“I am humbled by this recognition, and I do not take this honor lightly,” Scott said. “This notion of being a champion of change truly challenges us to continue in our efforts to call into question and/or critique the structural and systemic barriers that limit human flourishing. While I am grateful that my efforts have been noticed, there is still so much to do, especially in thinking about equitable education as a right, not a privilege, for all students in our country. I am thankful to do my part in Waco — the strides made here can provide a national model for evoking true change in education.”

For three years, Scott served as the Chair of the Campus Diversity Committee and currently serves on the President’s Diversity Council. Scott also won Baylor’s Diversity Enhancement Award in 2018 and this year is the recipient of Baylor’s Outstanding Faculty Teaching Award (tenure-track) She is the founding director of Baylor’s Freedom Schools, a summer literacy enrichment program for elementary and middle school youth which focuses on culturally relevant teaching practices and the utilization of multicultural literature in order to bridge summer learning loss.

Teaching in the Department of Curriculum & Instruction and serving as the department’s graduate program director, Scott is a recognized scholar in the field of Urban Education. Her credits include a host of research publications, co-authored and co-edited books, book chapters, and educational evaluation reports.

When the awards were presented at the end of the spring semester, Baylor President Dr. Linda Livingstone said, “The impact of this year’s Champions of Change echoes far beyond the halls of Baylor University, reverberating well into the greater Waco community. Each of these amazing leaders embodies the character and commitment to equity we seek in reflecting Baylor’s Christian mission.”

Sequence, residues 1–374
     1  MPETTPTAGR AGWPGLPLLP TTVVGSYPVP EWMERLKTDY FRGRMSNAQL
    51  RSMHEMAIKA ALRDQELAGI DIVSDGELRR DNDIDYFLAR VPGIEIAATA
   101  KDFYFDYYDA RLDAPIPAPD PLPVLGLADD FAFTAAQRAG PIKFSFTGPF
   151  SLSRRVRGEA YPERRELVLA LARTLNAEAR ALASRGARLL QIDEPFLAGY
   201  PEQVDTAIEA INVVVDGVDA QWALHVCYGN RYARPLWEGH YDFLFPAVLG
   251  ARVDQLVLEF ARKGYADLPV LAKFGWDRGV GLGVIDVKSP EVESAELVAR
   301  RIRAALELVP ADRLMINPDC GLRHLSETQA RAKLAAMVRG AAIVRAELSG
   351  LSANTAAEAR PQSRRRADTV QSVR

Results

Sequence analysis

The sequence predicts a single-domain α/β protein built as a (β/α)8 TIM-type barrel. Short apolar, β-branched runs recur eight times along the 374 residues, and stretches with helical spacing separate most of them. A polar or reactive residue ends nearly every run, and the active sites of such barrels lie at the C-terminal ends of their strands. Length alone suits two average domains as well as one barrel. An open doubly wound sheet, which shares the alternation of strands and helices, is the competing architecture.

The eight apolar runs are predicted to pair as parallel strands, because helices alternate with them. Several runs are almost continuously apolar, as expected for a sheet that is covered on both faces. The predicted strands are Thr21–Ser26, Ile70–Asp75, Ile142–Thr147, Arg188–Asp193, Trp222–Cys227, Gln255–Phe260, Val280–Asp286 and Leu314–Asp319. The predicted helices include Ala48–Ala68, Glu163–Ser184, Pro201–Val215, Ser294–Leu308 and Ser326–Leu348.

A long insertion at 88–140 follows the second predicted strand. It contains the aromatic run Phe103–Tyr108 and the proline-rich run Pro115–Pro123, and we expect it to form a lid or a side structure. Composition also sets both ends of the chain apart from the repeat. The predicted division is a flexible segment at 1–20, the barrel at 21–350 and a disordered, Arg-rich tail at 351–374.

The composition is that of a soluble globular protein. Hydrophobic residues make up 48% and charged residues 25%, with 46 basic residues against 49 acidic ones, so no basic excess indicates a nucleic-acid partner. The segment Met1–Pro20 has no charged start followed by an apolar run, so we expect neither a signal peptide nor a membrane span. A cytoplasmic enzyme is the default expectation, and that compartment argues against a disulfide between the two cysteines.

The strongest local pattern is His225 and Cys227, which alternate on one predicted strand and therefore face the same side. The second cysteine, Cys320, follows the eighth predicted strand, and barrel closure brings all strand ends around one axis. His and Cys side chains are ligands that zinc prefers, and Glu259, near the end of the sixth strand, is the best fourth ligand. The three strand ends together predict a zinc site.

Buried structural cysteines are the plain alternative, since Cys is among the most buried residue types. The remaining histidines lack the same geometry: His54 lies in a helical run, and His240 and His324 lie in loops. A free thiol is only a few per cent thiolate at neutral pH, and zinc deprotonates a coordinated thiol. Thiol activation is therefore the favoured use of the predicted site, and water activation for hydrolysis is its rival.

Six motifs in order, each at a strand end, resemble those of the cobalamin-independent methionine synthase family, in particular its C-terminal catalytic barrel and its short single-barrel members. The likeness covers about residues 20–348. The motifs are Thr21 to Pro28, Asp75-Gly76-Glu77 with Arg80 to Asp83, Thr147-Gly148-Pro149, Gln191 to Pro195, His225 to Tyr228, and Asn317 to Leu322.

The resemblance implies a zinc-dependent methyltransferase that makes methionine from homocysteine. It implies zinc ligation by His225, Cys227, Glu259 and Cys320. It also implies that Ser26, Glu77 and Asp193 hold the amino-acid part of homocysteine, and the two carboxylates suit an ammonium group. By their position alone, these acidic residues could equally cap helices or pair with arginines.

The impact of Scott’s work has indeed reverberated beyond campus, as she also received recognition from the Greater Waco Chamber of Commerce, receiving their “Waco Under 40” Award honoring “dynamic young leaders under the age of 40” who are making an impact in the greater Waco community.

Scott said, “I believe strongly that through service, love, and intentionality, we can transform our community spaces in ways that translate to human flourishing. I am honored to be among my esteemed peers and colleagues who also consider themselves servants of the greater Waco community.”

The Act Locally Waco blog publishes posts with a connection to these aspirations for Waco. If you are interested in writing for the Act Locally Waco Blog, please email Ferrell Foster at [email protected].

First-year teachers — How did 2020 Baylor Education grads do?

By Baylor School of Education

Baylor University’s teacher-education graduates of 2020 experienced a career launch like no other class. Their classroom internships were cut short by the global COVID pandemic, and then they entered their first year of independent teaching still in the midst of a pandemic that lasted the entire school year. 

It’s a good thing the Baylor School of Education teacher-education program is designed to prepare graduates thoroughly through rigorous coursework, as well as intense faculty-guided field experiences. Baylor’s preparation is so rigorous, in fact, that 2020 teacher education majors had completed their state-required classroom experiences and already taken their certification exams when the pandemic hit.

But were they really ready? Could anything have prepared them for a first year of teaching in a pandemic? Read the reflections of four of our 2020 graduates after their first year in the classroom and find out. Spoiler alert — our graduates are amazing! Congratulations (and thank you) to them and to all teachers who are leading during these challenging times.